57.3

Business is all about numbers, and self-publishing is a business.

At least it is to me. There are those out there, I suppose, who are only interested in seeing their work in print, er, electrons. I’m not one of them. I am interested in being published and having my work read, but I also want to make money at it.

To make money at anything, it helps to have a quality product. When it comes to e-pubbing, that doesn’t just mean having a good story. It’s got to be a good e-product, and that means, it should be appealing in its cover, its print, and its functionality with e-readers.

As bestselling author and e-publishing advocate, Joe Konrath, puts it, cream rises and [crap] sinks. Thus, it’s important to me to not just publish State of Grace, but to do it well.

And that’s where things get tricky. I’ve got the novel written, but it isn’t a simple matter of printing it to .pdf. To function on e-readers, it has to be converted to code that the devices recognize. That means, I have to convert it to two different codes: Amazon’s proprietary AZW and ePub, the language used by everyone else.

This I know from nothing.

So I started doing some research, and Konrath has a link to the guy who does his books for him. I figured it was worth looking into.

I got a quote for $200. I have no idea whether this is a competitive quote for a 100,000-word novel, but it seems reasonable to me. I believe any professional is worth at least $25 an hour, and the quote is a flat rate. So, I’m assuming he’s asking for about eight hours of pay. Again, that seems reasonable to me, especially since I’m writing a fantasy novel, and I’ll therefore have to have a map in the book. That’s something else I don’t know about. Is it any easier or harder or different to convert images to AZW and ePub than text?

But business is all about numbers. So if I pay someone $200 to convert the book for me, that money comes out of my profits.

To make Amazon’s (and the rest of the e-pubbing industry’s) sweet spot of 70% royalties, I’d need to charge between $3.00 and $9.99 for the book. I don’t yet know what the right price is. How much do 100,000-word fantasy novels go for? What if they are published by a first-time author?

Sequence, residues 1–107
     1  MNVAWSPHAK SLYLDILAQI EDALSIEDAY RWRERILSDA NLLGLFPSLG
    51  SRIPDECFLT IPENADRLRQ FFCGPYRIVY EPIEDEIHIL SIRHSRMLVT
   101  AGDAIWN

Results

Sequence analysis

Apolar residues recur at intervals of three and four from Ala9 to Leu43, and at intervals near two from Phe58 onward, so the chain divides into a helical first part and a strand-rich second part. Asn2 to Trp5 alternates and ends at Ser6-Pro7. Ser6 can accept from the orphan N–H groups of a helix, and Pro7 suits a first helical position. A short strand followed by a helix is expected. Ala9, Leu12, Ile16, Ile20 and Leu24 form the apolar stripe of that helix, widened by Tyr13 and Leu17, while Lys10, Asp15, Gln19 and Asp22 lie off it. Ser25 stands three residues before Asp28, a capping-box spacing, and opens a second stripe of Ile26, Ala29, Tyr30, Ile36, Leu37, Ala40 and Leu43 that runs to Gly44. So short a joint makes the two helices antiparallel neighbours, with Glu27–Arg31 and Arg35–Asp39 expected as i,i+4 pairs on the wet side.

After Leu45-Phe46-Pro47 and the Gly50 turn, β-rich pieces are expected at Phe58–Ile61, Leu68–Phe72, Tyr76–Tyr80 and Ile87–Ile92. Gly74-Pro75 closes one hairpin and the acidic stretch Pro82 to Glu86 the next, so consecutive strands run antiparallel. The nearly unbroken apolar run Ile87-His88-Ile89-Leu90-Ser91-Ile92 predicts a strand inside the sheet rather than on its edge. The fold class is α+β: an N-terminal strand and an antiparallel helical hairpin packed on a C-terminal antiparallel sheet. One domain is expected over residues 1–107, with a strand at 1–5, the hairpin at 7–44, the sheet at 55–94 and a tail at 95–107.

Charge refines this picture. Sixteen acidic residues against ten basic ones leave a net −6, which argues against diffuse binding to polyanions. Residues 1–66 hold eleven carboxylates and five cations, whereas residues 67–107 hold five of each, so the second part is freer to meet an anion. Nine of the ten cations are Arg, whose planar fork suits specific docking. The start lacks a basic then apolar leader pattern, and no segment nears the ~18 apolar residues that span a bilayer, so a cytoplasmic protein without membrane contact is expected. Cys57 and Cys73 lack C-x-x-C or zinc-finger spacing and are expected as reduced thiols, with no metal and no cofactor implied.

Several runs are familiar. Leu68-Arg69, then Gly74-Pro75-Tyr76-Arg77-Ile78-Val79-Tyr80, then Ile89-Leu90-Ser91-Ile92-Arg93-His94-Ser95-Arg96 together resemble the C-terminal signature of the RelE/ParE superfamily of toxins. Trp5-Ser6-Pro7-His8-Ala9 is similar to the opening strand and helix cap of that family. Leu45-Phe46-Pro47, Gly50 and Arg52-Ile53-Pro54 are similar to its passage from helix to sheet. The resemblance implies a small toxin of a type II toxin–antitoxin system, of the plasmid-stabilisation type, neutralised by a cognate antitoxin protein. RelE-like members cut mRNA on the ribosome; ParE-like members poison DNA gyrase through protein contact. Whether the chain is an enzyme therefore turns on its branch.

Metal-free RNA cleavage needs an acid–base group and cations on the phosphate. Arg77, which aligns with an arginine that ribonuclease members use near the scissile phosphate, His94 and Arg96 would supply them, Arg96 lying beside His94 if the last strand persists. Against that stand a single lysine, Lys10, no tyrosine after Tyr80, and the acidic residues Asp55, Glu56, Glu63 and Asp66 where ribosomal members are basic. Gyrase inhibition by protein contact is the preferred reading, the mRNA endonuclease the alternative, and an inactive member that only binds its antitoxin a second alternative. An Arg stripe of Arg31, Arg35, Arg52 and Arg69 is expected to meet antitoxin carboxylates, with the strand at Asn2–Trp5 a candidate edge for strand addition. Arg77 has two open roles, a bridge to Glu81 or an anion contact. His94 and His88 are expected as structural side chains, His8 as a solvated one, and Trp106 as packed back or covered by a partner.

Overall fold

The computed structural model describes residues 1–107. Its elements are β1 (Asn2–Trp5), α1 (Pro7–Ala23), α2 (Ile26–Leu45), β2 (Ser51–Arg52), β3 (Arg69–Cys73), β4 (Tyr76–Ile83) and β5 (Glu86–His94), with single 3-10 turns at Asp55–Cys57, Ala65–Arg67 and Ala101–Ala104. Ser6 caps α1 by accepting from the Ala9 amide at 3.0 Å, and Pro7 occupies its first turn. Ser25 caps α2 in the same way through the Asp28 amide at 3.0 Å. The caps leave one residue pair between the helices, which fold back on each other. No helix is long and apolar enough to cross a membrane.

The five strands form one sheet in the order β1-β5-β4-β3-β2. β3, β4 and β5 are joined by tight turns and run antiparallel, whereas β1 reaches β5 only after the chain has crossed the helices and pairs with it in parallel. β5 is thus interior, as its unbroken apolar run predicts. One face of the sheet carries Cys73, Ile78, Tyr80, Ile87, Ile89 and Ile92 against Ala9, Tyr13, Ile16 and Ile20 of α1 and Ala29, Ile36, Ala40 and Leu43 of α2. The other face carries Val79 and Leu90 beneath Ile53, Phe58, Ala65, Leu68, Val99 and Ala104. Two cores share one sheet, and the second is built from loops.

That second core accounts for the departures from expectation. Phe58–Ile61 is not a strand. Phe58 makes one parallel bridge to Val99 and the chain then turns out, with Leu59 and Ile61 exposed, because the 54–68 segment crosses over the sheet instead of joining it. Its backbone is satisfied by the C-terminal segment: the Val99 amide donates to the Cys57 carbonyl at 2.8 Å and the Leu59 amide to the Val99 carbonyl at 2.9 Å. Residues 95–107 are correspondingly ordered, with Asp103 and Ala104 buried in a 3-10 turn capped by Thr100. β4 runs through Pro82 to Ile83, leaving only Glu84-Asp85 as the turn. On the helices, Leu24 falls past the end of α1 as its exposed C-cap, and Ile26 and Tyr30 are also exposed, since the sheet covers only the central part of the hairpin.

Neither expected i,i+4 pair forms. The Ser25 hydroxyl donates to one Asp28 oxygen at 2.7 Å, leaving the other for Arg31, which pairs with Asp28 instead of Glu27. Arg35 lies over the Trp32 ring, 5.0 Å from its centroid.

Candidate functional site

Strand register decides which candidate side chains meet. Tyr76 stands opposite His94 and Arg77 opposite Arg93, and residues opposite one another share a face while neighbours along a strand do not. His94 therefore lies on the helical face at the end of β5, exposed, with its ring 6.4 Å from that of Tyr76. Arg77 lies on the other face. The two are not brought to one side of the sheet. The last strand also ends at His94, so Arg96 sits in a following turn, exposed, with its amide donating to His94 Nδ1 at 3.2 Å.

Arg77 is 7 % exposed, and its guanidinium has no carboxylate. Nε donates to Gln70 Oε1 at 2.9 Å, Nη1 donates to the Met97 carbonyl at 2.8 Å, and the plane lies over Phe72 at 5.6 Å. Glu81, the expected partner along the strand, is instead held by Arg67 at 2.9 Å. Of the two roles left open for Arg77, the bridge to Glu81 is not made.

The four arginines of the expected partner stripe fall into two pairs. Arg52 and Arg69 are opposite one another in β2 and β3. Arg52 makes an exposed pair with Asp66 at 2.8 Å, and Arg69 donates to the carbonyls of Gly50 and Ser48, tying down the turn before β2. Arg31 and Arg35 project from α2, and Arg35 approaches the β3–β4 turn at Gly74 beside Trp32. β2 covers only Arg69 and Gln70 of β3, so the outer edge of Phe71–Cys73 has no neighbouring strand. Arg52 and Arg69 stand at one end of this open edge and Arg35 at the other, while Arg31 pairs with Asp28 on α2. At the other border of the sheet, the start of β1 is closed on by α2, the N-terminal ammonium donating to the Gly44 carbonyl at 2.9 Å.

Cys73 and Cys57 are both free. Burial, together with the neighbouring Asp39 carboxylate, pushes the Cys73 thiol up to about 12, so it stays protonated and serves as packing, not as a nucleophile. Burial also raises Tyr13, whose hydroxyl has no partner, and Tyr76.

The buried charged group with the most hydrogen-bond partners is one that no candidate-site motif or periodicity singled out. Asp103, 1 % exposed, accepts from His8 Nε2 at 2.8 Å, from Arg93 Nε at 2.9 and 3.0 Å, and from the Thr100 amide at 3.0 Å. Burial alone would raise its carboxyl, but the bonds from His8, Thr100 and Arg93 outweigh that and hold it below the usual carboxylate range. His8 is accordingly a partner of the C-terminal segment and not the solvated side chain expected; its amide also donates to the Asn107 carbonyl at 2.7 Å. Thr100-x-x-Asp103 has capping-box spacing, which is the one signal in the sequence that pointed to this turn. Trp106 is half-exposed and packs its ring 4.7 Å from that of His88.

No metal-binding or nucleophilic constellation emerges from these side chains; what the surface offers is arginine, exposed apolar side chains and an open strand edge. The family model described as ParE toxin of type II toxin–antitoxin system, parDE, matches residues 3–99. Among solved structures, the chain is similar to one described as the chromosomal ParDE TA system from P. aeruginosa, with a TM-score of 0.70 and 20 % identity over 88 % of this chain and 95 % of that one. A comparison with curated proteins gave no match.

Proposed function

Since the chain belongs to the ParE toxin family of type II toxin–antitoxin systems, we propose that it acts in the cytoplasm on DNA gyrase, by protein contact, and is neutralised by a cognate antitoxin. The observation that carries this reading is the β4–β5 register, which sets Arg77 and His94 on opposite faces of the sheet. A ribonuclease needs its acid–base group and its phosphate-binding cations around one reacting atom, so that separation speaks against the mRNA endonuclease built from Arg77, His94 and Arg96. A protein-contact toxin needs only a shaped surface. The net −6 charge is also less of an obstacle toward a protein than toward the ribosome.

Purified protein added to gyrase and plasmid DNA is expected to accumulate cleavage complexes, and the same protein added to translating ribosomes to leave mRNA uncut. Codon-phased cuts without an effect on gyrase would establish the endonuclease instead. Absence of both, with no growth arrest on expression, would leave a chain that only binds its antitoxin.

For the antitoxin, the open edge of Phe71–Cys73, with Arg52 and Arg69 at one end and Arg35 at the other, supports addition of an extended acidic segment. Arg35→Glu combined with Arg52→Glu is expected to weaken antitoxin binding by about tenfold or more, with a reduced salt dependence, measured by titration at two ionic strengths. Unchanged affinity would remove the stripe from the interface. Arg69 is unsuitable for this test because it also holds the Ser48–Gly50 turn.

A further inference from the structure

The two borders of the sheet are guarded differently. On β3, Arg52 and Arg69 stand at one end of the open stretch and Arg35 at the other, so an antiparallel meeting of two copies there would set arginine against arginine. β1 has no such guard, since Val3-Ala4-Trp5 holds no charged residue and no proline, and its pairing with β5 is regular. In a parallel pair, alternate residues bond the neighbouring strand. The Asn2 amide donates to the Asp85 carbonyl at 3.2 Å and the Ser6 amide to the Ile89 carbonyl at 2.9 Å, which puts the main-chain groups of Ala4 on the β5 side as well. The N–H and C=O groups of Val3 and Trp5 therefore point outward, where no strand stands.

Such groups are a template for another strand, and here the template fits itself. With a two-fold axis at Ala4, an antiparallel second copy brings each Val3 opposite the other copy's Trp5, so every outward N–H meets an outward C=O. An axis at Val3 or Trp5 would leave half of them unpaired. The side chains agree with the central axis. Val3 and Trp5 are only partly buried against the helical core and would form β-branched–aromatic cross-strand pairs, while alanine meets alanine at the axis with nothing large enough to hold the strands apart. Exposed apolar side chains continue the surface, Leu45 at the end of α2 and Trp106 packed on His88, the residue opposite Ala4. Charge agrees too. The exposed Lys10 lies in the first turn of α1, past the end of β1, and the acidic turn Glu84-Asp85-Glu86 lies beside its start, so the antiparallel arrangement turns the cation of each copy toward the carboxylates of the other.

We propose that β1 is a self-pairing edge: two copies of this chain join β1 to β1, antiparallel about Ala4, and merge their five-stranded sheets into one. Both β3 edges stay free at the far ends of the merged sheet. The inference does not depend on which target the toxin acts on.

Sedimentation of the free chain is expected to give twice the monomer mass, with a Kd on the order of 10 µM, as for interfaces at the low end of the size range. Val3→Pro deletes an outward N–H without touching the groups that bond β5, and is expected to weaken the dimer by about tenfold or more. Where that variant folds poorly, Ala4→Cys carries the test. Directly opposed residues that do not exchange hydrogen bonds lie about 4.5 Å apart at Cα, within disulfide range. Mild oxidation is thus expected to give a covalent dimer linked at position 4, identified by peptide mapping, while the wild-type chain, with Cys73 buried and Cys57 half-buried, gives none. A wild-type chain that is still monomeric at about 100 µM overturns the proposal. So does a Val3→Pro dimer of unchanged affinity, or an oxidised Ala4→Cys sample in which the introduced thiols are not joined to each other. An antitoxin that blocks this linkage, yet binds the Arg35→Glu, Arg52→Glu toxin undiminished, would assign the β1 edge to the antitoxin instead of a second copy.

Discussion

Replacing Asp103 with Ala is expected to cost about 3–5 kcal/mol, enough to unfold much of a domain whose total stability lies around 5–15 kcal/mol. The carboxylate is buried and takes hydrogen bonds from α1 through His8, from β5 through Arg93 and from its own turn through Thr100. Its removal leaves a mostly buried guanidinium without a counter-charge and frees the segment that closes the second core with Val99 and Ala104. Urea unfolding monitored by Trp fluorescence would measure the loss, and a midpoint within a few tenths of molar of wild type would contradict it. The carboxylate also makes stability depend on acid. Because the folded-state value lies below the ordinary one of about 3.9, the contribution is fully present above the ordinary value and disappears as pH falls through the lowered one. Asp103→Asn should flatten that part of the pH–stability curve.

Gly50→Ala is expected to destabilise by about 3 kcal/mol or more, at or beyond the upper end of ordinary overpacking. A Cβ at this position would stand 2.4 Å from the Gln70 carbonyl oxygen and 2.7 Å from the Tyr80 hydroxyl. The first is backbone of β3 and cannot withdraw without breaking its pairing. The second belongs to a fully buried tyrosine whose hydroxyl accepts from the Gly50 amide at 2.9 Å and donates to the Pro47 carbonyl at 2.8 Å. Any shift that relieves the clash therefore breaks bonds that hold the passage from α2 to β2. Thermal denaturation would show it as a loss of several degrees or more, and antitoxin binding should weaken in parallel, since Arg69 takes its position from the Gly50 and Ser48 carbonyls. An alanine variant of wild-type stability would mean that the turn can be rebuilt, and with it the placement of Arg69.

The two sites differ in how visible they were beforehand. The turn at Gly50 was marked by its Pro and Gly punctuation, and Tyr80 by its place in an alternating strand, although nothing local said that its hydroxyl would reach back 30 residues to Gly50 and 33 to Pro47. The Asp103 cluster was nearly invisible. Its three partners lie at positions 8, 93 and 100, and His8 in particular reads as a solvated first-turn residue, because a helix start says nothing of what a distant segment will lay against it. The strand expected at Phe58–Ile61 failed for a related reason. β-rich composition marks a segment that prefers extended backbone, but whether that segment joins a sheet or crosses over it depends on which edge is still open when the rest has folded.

Picking a number out of a hat, let’s say I charge $4.99. That uses the retail philosophy of charging right up to a five-dollar increment. (The idea is $3.99 sounds the same as $4.99 to a consumer because they are both below $5, but $5.99 sounds like a lot more because it is more than $5.)

At 70% royalties, I’d make $3.49 per sale. And that means I’d have to sell 57.3 books to recover my initial investment of $200. In the long term, that doesn’t sound like a lot. I certainly hope I can sell more than 587 copies of State of Grace. It’s not really worth publishing if I can’t.

But, how long will it take for a first-time author with only the beginnings of a platform to sell that many copies? How long does it take to recoup my investment?

And, of course, I haven’t paid for cover art yet. If I hire an artist to design a good cover for the book, that will raise the number of copies I have to sell even higher.

But if I try to do the conversion myself, what will that cost me? How many hours will I spend trying to learn how to do it? Will it end up being as good as if I’d hired a professional? If not, will that hurt sales?

And so, early in my research, I’ve already got a dilemma to think about. Do I invest 57.3 copies of the book in making sure it’s done right, or do I try to keep that $200 by doing it myself?

I need to do more research, of course. I need to know what other contractors charge, what the right price-point for the novel is, and how hard it is to convert the book from Word to e-reader languages.

But I’m finding only a week into making the decision to launch this venture that there are a lot of tough decisions to be made to maximize my chances for success.


Got advice or an opinion on e-publishing or the merits of contracting out the conversion process? I’d love to hear from you. Leave a comment below.

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